Riding the bus from the airport into the centre of Christchurch, we had a sensation similar to the one we experienced entering Argentina coming from Bolivia. Then, it was as if someone had beamed us back to Europe or at least close to there. This time, we felt a similar irritation: we felt utterly displaced after arriving from the Pacific Islands.
Everything was so Anglo-Saxon, the houses, the street signs, the food, the architecture! It was so suburban USA / Canada: the streets are lined with one-story residential buildings, surrounded by manicured lawns and neatly trimmed bushes and flowers… Okay, people speak with an accent that Gilles finds very strange and drive “on the wrong side of the road”, but otherwise so far we have not discovered anything completely new or mildly exotic!
Also temperature took us by surprise. After being exposed to heat and sun for months, we were looking forward to a more moderate climate, but it is not! Our first day in Christchurch was so cold that we thought about buying gloves. The following morning at Mount Cook had us shiver at 4 degrees Celsius, whereas in the late afternoon we melted away at 29 degrees!
Prices here are not very different from Europe. We noticed it when we both went for the long due haircut: Gilles paid 23 Euros (ouch!) and Heidi no less than 78 for a bit of colour and a cut!!!
The positive “whow” experience was the supermarket. After spending 5 weeks in the Pacific, where fresh food was such a rare commodity that we bought whatever veggies people grew in their private garden, New Zealand is simply paradise. The sheer abundance of fruits, vegetable, meet and fish and the wide variety of products in general was truly exciting for us!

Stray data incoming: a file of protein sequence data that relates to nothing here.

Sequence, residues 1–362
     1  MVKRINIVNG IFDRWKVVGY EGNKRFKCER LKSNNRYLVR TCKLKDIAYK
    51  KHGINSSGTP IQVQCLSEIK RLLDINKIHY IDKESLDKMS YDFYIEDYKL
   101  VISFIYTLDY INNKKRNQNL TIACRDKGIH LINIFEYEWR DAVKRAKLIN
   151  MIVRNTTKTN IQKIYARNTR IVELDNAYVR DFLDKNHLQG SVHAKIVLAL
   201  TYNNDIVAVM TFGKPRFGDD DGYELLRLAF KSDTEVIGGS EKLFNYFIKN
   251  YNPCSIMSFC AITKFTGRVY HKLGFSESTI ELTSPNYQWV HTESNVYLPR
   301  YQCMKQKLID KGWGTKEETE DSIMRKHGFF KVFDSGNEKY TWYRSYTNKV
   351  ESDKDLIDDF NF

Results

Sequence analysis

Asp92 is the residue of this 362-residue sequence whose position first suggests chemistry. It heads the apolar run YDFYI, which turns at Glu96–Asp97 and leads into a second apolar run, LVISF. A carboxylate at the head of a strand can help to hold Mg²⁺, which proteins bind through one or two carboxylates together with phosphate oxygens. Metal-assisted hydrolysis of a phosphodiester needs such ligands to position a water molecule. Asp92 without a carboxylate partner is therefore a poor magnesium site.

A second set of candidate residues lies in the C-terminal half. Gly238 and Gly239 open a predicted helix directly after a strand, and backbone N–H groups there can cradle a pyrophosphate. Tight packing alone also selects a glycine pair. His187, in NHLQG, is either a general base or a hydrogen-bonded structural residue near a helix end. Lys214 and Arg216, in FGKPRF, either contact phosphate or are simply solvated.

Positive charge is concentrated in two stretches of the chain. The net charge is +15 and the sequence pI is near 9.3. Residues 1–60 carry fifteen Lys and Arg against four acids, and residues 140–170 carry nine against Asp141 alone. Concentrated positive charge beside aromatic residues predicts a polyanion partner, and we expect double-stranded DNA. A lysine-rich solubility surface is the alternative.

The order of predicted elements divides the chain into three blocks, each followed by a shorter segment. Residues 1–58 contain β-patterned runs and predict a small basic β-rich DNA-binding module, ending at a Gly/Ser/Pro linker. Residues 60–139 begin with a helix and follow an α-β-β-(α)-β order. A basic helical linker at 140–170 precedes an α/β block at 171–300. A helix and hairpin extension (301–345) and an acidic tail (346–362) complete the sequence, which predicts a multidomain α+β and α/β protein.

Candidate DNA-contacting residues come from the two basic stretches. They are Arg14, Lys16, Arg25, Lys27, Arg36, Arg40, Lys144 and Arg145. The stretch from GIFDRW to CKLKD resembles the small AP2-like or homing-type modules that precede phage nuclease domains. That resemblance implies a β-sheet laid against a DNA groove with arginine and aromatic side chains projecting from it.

“Man spricht Deutsch” is another phenomenon: guests at backpacker hostels are primarily young Germans. It has been so extreme that we started to do some research finding out what brought them to New Zealand. Some simply travel for a few weeks, others spend months on a working holiday, while a few study here and all the latter have friends and family visiting. We also came up with the daring conclusion that only young Germans can afford such a trip.
Last but not least, what blew out mind were the tons of brightly coloured free brochures that can be found in every hostel, café, tourist information. Tourism is so professionally marketed here and right in your face that we look back to travelling in Latin American in sad nostalgia! Here everything is heavily advertised, restaurants, accommodation, skydives, bungee jumping, flying across mountains, glaciers and fjords in small airplanes, excursion to see wild life of all kinds and what not…
There was a certain innocence to travelling through Latin America that we only become aware of now and miss immensely.